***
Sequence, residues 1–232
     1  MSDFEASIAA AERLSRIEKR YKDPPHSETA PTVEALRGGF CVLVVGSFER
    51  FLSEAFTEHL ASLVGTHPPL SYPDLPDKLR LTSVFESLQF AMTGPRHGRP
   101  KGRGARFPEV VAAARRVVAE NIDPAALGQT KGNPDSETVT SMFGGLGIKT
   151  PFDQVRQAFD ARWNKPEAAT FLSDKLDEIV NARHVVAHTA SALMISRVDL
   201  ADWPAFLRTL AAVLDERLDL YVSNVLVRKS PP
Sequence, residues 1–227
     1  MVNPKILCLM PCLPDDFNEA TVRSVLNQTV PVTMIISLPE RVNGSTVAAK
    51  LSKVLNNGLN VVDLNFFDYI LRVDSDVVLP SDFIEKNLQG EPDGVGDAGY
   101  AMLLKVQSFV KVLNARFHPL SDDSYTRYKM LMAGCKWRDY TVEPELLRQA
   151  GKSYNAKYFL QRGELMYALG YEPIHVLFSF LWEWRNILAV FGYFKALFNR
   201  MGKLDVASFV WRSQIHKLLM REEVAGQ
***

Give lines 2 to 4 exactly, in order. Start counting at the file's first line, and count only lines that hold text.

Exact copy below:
     1  MSDFEASIAA AERLSRIEKR YKDPPHSETA PTVEALRGGF CVLVVGSFER
    51  FLSEAFTEHL ASLVGTHPPL SYPDLPDKLR LTSVFESLQF AMTGPRHGRP
   101  KGRGARFPEV VAAARRVVAE NIDPAALGQT KGNPDSETVT SMFGGLGIKT